A Review by Linda Root
A few months ago author Cary Allen Stone's publicist sent me a challenge. She attached a copy of the second book in his mystery series with a bet I would want to review it. Then I heard from Stone, who thought it might be my kind of mystery. He was right. I ended up reading each of the four books in the series. This is the first one in the chronology and the second one I read.
Those who know me personally are aware of my professional history as a prosecutor. The men and women I worked with on the Homicide Detail knew I made a practice of visiting crime scenes. There was a reason for this.When I became a supervisor, I urged others to do so. In essence, crime scenes speak. Every scene I ever visited had a message. Some screamed.
I am absolutely candid in saying I never once visited a scene that made me physically sick. Maybe I was just lucky. The most startling of my observations from the first scene to the last one --a triple shortly before I retired--was always the same: the absence of life. Stone captures it in his writing. The surprise came in discovering Stone was not a veteran detective, but a retired pilot flying corporate jets, another career which cultivates an awareness of issues of life and death and a unique glimpse of the dynamics of power. Applying the adage 'write what you know', Stone picks his serial killer from his experience with the airline industry. Nothing else about her is Orthodox.
Obviously, the profilers' classic definition of a serial killer is not set in granite: if it were, they would be easier to spot. The one word that seems to fit them all is 'driven.' Stone's killer is not a thrill seeker or megalomaniac. A federal agent trained at Quantico might poke holes in Stone portrayal, claiming the character is not a true serial killer, just a twisted soul who kills a lot of people. The profile at issue in Stone's novel is the killer's profile of her victim. In her eyes, she is an Avenger. On the other side of the battle, we have hard-boiled Homicide Detective Jake Roberts and FBI Profiler Mika Scott, and a host of characters, most of them exceptionally well-drawn. The combination of a sympathetic serial killer and a flawed law enforcement professional, each obsessed by demons of their own construction, provides a satisfying reading experience for anyone who sees the line between Good and Evil as having a jagged edge.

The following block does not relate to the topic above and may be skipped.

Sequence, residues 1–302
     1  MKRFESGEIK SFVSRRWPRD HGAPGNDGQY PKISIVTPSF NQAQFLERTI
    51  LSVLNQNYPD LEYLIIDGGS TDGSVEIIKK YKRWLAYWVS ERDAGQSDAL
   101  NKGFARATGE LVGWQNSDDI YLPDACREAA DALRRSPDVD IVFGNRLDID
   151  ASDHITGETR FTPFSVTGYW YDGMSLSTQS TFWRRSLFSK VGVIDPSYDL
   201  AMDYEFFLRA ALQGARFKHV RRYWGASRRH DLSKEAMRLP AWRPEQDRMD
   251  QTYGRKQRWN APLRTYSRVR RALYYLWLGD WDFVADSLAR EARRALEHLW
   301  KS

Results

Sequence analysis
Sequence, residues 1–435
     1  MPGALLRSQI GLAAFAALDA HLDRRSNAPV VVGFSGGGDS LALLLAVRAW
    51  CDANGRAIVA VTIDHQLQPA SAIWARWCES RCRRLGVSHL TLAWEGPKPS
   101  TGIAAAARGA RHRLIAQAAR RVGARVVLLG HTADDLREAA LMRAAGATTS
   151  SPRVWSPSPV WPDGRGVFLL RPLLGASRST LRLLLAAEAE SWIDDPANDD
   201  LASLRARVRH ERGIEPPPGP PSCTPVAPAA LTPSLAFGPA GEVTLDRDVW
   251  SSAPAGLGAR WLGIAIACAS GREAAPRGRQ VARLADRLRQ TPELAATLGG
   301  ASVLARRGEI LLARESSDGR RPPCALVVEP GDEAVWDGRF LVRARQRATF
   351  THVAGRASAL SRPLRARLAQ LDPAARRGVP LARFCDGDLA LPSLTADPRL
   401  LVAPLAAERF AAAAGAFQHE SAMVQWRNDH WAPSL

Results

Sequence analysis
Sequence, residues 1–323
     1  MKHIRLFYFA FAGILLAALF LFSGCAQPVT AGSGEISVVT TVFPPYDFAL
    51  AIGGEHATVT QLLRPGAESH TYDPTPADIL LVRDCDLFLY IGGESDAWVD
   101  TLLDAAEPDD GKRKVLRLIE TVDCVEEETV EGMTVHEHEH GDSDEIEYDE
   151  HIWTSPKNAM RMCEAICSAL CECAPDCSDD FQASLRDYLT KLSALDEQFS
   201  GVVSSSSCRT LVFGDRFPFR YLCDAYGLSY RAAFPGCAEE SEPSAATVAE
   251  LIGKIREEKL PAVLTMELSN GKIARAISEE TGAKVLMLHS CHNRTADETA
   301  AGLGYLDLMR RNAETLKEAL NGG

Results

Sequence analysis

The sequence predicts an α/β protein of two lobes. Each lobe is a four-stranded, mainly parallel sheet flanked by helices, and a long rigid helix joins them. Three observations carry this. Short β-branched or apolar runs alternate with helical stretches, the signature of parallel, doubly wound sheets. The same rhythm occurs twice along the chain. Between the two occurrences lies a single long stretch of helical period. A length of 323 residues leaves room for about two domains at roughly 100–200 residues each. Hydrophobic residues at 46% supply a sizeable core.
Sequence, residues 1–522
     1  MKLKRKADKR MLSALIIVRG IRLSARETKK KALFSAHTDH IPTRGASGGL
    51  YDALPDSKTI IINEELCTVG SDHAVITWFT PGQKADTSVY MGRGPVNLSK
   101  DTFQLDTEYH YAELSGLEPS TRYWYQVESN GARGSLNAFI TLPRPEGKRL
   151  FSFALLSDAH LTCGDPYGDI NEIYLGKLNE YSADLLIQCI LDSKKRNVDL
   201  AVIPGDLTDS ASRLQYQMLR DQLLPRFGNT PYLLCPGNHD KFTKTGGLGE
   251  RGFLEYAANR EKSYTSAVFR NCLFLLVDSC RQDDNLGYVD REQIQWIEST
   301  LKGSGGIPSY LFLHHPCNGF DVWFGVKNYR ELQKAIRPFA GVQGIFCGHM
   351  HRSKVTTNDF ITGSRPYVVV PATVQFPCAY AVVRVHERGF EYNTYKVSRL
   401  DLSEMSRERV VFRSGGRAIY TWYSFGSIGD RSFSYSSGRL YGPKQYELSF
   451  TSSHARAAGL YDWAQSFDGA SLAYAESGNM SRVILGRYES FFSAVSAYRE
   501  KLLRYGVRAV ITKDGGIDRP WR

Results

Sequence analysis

Stone writes with a touch of Spillane but in a contemporary style hinting of Nelson Demille. Jake Roberts reminds me of DeMille's John Corey, but with a touch more pathos. At times, I was turned off by what I considered unlikely homespun dialog from Lori, but overall it fits the plotline, especially after we realize she is not the only killer in the mix. If the copy has a few rough spots, my advice is to forgive them. This not a book to read while holding a red pencil. The novel earns the label 'mystery thriller.' And the series gets better as Stone's style evolves.
Stone's JakeRoberts books are senstibly princed and can be seen on Amazon:http://www.amazon.com/s/ref=nb_sb_ss_i_1_16?url=search-alias%3Dstripbooks&field-keywords=cary+allen+stone&sprefix=cary+allen+stone%2Cstripbooks%2C219&rh=n%3A283155%2Ck%3Acary+allen+stone